Culture Representation: Taking place in Los Angeles and various other parts of the world, the musical “Annette” features a predominantly white cast of characters (with a few African Americans) representing the wealthy and middle-class.
Culture Clash: A seemingly mismatched stand-up comedian and an opera singer have a passionate romance, get married, and have a daughter named Annette, but then a major tragedy changes their lives forever.
Culture Audience: “Annette” will appeal primarily to people who are fans of Sparks, Adam Driver and Marion Cotillard, as well as people who like to indulge in pretentious musicals with a weak plot.
Don’t believe the hype. The musical “Annette” is one of those annoying, self-indulgent movies that some people will automatically praise just because it looks European and artsy. Underneath the pretentious sheen is a boring and ludicrous story with forgettable songs and a baby that’s really an animatronic doll that looks like a cleaned-up sister of Chucky from the “Child’s Play” horror franchise.
Directed by Leos Carax, “Annette” has an abysmal screenplay and disappointing music written by brothers Russell Mael and Ron Mael, also known as the experimental pop duo Sparks. The Mael brothers have brief cameos in the movie because they’re not very good actors. Visually, the movie looks better than the actual material because the filmmakers had the budget to build some elaborate set pieces and film the movie in Los Angeles, Belgium and Germany.
Here’s how you know if a musical is good or not: Are at least half of the songs memorable? Do the songs fit well with the story? And do the actors look convincing when they perform the songs? If the answer is no to any of these questions, then the musical isn’t very good and could be downright lousy. A lot of people who don’t care about going along with pseudo-hipster groupthink are going to say “no” to “Annette.”
Some credit should be given to Carax for directing “Annette” with gusto and for choosing some noteworthy designs in production and costumes. But so much of “Annette” looks and sounds like a tacky regional theater production that ended up being made into a movie because the filmmakers convinced people with deep pockets to throw money at this train wreck. Just because a movie tries very hard to be “avant-garde” doesn’t automatically mean it’s supposed to be good art.
“Annette” starts out promising in the first half of the movie when it’s about the romance between edgy stand-up comedian Henry McHenry (played by Adam Driver) and elegant opera diva Ann Defrasnoux (played by Marion Cotillard), who live in Los Angeles and are both big stars in their respective careers. But it all goes downhill in the second half of the movie, when themes of death and greed are monotonously repeated until “Annette” ends with a whimper instead of a bang. Simon Helberg, who looks very uncomfortable and out-of-place in this musical, depicts an unnamed supporting character who goes from being an accompanist for Ann to being the conductor of an orchestra.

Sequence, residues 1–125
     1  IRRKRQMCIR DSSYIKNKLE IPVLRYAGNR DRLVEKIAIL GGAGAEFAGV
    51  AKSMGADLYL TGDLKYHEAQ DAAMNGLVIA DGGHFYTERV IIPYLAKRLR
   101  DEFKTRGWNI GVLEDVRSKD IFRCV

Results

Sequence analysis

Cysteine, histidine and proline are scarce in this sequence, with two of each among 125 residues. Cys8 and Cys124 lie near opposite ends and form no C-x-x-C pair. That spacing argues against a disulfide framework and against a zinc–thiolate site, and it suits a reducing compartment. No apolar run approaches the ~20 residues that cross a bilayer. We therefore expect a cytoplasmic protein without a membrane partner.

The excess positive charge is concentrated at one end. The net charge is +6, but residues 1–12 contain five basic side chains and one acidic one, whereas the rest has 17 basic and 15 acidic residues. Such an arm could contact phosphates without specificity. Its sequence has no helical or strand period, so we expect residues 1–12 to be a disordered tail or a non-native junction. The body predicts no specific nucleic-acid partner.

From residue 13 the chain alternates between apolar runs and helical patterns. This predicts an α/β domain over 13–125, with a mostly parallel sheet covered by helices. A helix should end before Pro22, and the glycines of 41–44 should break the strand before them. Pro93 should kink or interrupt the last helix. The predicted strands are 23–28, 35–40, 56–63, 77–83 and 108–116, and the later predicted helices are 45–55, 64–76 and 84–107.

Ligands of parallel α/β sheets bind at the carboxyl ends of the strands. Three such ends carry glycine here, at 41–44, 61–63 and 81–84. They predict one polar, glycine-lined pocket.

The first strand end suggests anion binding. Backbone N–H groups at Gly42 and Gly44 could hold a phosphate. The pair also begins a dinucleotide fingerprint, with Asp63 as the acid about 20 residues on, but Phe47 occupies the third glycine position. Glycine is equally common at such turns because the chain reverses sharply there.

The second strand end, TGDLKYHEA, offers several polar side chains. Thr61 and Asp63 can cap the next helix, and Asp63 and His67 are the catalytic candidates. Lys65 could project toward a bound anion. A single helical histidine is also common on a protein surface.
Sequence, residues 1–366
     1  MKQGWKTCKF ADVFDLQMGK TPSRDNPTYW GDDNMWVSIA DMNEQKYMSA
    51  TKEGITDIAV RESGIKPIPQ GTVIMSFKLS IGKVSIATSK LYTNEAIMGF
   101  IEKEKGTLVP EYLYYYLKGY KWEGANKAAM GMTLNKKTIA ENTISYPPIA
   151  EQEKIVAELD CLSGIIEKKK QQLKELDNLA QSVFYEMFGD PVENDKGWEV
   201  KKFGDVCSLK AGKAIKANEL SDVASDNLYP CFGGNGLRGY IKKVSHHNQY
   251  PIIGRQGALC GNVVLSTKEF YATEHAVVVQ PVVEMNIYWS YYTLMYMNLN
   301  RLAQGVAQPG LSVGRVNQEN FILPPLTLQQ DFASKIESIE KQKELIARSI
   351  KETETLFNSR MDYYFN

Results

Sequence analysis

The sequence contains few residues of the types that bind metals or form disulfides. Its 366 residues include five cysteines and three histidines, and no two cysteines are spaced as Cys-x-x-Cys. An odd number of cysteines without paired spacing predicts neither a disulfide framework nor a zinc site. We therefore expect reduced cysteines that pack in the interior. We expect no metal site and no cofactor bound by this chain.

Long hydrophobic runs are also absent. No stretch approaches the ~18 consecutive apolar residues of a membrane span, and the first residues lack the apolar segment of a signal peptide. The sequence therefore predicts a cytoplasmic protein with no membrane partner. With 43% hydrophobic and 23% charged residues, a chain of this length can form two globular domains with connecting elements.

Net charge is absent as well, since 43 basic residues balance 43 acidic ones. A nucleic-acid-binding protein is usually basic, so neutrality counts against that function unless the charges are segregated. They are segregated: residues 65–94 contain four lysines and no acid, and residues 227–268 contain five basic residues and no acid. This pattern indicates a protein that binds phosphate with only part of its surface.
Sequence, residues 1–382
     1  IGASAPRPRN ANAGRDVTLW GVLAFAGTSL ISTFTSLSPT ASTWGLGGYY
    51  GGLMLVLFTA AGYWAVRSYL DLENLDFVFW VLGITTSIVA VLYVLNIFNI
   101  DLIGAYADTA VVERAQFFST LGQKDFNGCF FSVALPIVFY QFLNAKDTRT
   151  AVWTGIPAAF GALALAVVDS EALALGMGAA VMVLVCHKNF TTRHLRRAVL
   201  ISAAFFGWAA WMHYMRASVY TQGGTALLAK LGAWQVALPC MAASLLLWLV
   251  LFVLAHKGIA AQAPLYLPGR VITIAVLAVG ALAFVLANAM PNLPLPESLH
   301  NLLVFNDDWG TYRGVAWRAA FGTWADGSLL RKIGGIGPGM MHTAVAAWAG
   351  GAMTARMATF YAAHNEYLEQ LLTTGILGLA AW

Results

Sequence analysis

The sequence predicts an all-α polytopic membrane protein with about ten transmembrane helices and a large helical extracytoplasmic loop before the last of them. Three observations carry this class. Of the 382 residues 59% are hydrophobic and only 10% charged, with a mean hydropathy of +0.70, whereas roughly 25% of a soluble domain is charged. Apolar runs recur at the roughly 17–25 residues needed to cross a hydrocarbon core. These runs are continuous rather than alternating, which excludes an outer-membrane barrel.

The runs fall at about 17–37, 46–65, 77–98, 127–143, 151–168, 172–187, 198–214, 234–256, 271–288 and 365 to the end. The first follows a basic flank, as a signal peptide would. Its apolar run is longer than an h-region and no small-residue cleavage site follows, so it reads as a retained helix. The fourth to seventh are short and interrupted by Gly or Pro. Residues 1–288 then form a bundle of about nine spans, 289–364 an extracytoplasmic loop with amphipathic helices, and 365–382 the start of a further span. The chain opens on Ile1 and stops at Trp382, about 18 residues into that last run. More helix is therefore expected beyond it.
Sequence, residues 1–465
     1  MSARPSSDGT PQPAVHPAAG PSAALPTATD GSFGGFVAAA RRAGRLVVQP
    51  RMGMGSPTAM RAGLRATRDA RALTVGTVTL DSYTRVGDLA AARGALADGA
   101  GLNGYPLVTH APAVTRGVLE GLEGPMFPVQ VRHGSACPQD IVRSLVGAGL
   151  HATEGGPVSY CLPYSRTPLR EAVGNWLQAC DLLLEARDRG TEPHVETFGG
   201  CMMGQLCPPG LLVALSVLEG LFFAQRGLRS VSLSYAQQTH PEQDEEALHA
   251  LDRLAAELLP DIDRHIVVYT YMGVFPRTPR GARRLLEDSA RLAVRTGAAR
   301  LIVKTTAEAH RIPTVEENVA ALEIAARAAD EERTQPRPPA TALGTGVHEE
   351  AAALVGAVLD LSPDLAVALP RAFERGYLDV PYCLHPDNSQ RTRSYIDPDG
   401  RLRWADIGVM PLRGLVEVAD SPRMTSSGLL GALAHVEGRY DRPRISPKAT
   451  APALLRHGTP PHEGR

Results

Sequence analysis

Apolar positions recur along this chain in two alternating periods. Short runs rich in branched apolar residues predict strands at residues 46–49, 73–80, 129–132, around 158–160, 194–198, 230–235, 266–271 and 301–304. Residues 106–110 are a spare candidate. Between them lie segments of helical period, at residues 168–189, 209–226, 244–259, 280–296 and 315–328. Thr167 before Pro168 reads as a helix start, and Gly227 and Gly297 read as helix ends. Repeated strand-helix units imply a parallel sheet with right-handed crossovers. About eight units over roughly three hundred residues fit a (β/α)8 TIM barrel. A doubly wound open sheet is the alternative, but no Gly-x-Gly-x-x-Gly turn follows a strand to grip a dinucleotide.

The best parts of “Annette” are seeing Henry perform on stage. Henry’s stand-up act can best be described as if Mitch Hedberg and the late David Foster Wallace decided to collaborate on a stand-up comedy routine and hire some backup singers. Henry’s material is both self-deprecating and condescending to the audience members, who do group chants and or indivdual shouting in response to what Henry says during his act. However, he has full command of the stage and is utterly fascinating to watch. Ann (who is French, just like Cotillard is in real life) is somewhat of a generic opera singer. No one will be be winning any major awards for acting or singing in this movie.
Henry and Ann’s relationship is breathlessly followed by the tabloid media. Ann and Henry get engaged, then married, and then they become parents to a daughter named Annette. And seriously: This baby-turned-toddler is depicted by a creepy-looking animatronic doll with terrible visual effects. It will get some laughs at first, but after a while, this unnatural-looking doll is just an awful distraction.